The History of the La Placita Manifesto

As told at the April 17, 1998, Roundtable on Women of Color and the Justice System

In 1992 the National Consortium of Commissions and Task Forces on Racial and Ethnic Bias in the3 Courts, which is composed of task forces and commissions from all over the country working on eliminating bias from their state court systems, began discussing the possibility of a national conference. With the support of the National Center for State Courts (NCSC), the consortium applied for a State Justice Institute (SJI) grant for the conference. After numerous revisions of a proposal were submitted to the SJI, a sizable grant was finally awarded to allow the consortium, in conjunction with the NCSC, to hold a National Conference on Eliminating Racial and Ethnic Bias in the Courts.


A number of persons who were involved in the Judicial Council ‘s Advisory Committee on Racial and Ethnic Bias in the Courts and its successor committee, the Access and Fairness Advisory Committee, became members of the planning committee for the national conference. Judge Benjamin Aranda III, the founding chair of the Access and Fairness Advisory Committee, took a leading role in the planning of that first national conference. The planning committee met for more than one and a half years to develop the scope of the program and decide which areas of importance should be discussed. From the beginning of the planning stage, it was determined that the issue of "Women of Color" would be the focus of one of the workshops. However, at the last meeting of the planning committee, only two months before the conference, the "Women of Color" workshop was eliminated from the program.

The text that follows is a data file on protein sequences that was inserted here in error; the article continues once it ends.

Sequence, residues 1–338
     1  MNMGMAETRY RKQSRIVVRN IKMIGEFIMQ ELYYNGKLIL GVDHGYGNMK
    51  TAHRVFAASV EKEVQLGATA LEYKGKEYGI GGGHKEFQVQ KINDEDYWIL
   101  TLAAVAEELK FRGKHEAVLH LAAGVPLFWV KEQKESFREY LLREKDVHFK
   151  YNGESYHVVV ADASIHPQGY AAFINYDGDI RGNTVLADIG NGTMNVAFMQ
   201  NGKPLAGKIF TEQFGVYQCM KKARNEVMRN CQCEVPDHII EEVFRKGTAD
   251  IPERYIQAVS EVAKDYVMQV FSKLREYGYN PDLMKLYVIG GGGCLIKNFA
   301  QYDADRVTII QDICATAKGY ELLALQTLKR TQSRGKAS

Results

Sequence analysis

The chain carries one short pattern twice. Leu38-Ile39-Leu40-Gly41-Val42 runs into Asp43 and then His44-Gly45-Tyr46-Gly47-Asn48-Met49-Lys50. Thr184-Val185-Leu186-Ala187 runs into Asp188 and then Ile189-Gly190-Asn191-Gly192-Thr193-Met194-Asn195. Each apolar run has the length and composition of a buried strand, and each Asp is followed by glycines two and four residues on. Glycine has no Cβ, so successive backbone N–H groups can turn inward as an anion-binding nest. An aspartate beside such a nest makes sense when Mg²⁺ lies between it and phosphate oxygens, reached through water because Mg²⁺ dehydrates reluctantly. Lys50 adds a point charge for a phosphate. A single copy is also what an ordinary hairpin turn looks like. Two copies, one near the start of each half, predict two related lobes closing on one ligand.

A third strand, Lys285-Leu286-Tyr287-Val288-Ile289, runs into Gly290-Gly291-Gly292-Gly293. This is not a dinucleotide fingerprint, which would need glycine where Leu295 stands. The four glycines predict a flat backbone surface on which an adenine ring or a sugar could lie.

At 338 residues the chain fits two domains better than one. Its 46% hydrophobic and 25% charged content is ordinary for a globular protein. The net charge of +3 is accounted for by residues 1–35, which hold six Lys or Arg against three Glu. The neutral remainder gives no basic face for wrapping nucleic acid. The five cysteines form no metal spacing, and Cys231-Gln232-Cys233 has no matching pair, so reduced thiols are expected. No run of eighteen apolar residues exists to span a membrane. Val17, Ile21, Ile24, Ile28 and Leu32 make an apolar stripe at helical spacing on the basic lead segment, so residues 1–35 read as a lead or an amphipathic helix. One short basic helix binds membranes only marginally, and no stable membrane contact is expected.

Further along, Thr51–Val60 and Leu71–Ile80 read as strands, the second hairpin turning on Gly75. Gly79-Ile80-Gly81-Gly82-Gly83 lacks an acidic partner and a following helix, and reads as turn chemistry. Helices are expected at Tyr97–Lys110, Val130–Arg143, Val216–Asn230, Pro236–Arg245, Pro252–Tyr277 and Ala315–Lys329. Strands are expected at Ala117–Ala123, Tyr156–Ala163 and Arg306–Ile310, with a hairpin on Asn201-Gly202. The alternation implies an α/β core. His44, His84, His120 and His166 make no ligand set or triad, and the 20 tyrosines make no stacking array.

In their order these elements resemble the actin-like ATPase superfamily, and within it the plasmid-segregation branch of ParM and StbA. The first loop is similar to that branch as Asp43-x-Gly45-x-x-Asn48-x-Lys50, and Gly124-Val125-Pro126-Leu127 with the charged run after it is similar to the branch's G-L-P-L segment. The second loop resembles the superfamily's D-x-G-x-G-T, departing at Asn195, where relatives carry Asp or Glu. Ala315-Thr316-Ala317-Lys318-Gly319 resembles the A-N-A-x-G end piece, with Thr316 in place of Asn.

The First National Conference on Eliminating Racial and Ethnic Bias in the Courts took place in Albuquerque, New Mexico, in March 1995. The National Center for State Courts had anticipated that 150 participants would attend. Instead, approximately 450 participants attended the conference. The workshops were very stimulating, but a few participants felt that a workshop to discuss issues affecting women of color should have been included in the program. Without disrupting the conference or scheduling a meeting while the other workshops were taking place, these participants distributed flyers informing others that an informal gathering would take place at the La Placita Restaurant to discuss issues affecting women of color. Only two tables were reserved because only about 10 people were expected to attend. However, people kept arriving at the restaurant, and eventually 50 people, mostly women, attended to participate in the discussions.

During the discussions, Ms. Diane Yu, the former General Counsel of the California State Bar, took notes, synthesized what was discussed, and drafted a manifesto, which is now called the La Placita Manifesto. The La Placita Manifesto was presented to the conference delegates and approved by unanimous action as the work plan for exploring issues affecting women of color.

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